Note posted: 2023-01-01
The resurgence of “La Rabia.”
When we talk about anger, it never ceases to surprise us just reading or hearing the word per se; when we read or hear about human cases in the media, it is certainly terrifying. We are not used to being told that a case arose in a certain place because our generation learned that they are diseases that “no longer exist.” But the truth is that they are diseases that have been there, waiting for a little human carelessness to reappear.
Rabies, a word derived from the ancient Indian root: “rabh”, which means violent behavior, is a disease recognized since antiquity, probably older than the human race; It was considered as the action of supernatural forces on man and other mammals, mainly the dog. This violent, irritable behavior of the dog was more frequently observed in the hot season, which is why this seasonal period was known as “heatwave” due to the action exerted by the star Sirius of the constellation Canis Major on the sun. Rabies is one of the oldest known zoonotic diseases, in fact, in the 21st century, rabies continues to be one of the most feared and important threats to public health. There are two epidemiological forms of rabies: the urban one, spread mainly by domestic dogs or cats that can manifest itself in a “furious” or “paralytic” form, and the sylvan form, commonly called “derriengue” as a result of bites by infected bats, as well as coyotes, foxes, skunks, raccoons and possibly other mammals. This zoonosis is maintained at the expense of domestic or wild fauna and the presence of cases in humans is mainly due to transmission by bites; In countries where anti-rabies control is inadequate, the dog is the means of transmission in 90% or more of the cases, in developed countries it represents only 5%, in these wild animals are the most frequent transmitters. The WHO points out that developing countries account for more than 99% of human rabies deaths and that this zoonosis has not been brought under control in most affected countries. Nearly 60,000 people die each year from this infection and 95% of these deaths occur in Asia and Africa, reflecting little access to prevention measures. Worldwide, 99% of all cases of human rabies occur through transmission by dogs, in countries where canine rabies has been eliminated, transmission occurs mainly by bats. In Mexico, after various strategies implemented to control rabies, such as the first massive canine anti-rabies vaccination campaign in 1968, today the results obtained mark an unprecedented drop in the incidence of both human and canine cases, passing from registering 60 cases of rabies by dogs in people in 1990, to 3 cases in 1999 and zero cases since 2006. Due to the achievements made, during the year 2019 this country was recognized as free of human rabies transmitted by dogs as a problem of public health before the Pan American Health Organization/World Health Organization. The Pan American Health Organization (PAHO) attributes the indicated success to the massive canine anti-rabies vaccination campaigns and to the opportune prophylactic treatment carried out on exposed persons.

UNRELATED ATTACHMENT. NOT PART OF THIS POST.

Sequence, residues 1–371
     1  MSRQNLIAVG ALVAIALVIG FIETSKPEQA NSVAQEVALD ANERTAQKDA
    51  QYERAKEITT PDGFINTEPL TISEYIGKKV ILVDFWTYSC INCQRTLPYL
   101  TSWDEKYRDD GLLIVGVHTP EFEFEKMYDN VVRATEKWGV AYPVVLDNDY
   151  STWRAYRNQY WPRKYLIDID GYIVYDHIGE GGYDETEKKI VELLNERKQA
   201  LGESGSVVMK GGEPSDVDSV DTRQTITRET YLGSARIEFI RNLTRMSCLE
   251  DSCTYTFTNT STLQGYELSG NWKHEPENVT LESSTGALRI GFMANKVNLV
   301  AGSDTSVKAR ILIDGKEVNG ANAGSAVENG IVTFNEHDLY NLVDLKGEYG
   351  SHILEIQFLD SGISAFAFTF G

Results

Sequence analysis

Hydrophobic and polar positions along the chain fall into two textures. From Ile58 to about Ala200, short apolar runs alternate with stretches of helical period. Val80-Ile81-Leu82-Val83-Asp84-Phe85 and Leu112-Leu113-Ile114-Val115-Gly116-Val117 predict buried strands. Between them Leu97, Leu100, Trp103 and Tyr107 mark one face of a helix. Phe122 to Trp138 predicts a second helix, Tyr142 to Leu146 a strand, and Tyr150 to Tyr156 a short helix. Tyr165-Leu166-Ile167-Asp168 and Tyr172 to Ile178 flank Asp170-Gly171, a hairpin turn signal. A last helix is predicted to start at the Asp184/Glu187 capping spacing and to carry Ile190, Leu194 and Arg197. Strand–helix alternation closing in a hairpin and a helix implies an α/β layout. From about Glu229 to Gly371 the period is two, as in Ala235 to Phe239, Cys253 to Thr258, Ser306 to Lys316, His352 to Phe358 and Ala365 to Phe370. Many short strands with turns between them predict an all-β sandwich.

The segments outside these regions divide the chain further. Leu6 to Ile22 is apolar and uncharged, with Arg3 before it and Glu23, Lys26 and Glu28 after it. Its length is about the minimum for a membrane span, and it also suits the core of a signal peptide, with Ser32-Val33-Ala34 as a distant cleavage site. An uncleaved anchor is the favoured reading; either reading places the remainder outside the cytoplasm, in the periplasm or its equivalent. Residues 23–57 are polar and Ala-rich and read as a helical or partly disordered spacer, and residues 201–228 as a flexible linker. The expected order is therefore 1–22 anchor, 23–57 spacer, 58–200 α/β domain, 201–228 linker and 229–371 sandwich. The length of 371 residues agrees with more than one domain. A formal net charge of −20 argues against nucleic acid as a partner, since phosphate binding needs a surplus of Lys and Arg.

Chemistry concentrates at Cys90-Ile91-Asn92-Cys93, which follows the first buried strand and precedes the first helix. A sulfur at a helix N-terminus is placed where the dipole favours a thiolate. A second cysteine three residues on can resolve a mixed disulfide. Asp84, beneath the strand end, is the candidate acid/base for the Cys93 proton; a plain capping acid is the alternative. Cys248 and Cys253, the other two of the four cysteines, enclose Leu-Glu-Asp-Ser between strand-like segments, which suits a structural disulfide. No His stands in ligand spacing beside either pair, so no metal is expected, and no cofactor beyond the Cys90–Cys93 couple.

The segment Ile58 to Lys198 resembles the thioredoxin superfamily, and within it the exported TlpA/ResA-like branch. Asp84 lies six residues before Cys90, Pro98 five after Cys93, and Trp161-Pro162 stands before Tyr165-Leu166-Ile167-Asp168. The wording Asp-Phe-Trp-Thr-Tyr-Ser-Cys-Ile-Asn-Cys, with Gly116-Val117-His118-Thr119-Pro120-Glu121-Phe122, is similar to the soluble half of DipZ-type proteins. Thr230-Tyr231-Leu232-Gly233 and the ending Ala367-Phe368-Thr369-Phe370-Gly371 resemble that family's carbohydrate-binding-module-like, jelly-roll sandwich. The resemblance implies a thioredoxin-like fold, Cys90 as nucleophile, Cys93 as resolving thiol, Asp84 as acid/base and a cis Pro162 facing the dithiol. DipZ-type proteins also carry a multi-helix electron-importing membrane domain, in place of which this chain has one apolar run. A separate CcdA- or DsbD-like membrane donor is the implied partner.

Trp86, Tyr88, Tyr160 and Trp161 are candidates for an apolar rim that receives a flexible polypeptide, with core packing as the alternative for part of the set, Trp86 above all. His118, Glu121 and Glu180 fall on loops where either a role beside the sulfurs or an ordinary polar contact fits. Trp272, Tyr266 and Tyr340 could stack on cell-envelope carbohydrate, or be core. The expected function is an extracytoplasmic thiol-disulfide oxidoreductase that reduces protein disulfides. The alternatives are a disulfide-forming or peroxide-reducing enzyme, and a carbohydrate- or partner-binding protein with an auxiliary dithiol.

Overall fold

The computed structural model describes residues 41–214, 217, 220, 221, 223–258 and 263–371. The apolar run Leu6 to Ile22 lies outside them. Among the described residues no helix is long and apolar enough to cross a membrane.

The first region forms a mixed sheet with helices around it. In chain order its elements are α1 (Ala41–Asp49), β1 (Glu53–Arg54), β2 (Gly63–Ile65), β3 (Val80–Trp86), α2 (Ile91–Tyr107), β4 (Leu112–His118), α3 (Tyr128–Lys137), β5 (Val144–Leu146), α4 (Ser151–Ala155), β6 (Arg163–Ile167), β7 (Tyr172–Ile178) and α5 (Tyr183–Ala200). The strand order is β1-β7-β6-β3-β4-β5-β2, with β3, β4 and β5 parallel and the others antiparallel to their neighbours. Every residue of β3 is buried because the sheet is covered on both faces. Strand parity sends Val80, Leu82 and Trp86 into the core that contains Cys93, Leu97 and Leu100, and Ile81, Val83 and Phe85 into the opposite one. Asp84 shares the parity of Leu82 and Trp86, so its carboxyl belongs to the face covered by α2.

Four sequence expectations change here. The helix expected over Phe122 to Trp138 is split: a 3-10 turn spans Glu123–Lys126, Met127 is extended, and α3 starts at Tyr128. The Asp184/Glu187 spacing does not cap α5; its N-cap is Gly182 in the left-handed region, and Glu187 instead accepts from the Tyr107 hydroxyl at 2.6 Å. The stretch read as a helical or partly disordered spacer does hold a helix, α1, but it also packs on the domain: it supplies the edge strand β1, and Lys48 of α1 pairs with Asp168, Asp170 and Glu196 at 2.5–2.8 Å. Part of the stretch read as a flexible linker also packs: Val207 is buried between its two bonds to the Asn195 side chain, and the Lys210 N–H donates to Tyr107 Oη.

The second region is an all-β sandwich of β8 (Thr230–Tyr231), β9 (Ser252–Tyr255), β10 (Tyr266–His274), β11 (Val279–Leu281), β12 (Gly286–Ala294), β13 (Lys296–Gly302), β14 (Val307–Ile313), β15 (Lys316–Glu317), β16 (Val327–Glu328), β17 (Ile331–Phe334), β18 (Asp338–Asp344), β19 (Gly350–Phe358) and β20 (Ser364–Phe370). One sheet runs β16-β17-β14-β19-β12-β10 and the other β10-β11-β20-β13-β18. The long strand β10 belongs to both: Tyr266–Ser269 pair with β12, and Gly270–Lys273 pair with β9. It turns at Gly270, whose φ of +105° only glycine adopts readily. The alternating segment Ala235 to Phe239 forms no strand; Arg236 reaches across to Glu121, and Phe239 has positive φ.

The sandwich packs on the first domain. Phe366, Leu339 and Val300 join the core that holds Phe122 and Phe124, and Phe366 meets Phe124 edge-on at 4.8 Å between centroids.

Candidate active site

In the absence of a history of exposure or typical symptoms, the diagnosis of rabies alone can be difficult and often unreliable. Once the disease is established, it has to be treated in an “aggressive” way, one of these ways is with the so-called: “Milwaukee Protocol” where the patient recovers without apparent sequelae. The Recife protocol, developed in Brazil, is another example of treatments. The lack of knowledge that the community in general and medical personnel have about the management and prevention of rabies is unfortunate. During the period from 2000 to 2021, 52 cases of human rabies were registered in Mexico, of which 48 were due to attacks by wild animals (mainly bats and skunks), in addition to an atypical case due to contact with cattle, which occurred in the State of Jalisco. in 2009. The treatment of the established clinical picture is aimed at intensive care for cardiovascular and respiratory support. Today we know of the cases registered in four children from Oaxaca and the death of one, without a doubt something that shocked health again after the issue of covid or Dengue, locally. Let’s hope it’s not due to vaccine shortages or lack of prevention not only at the state level (Oaxaca, Nayarit) but also throughout the country.
Dr. Cesar Alvarez Pacheco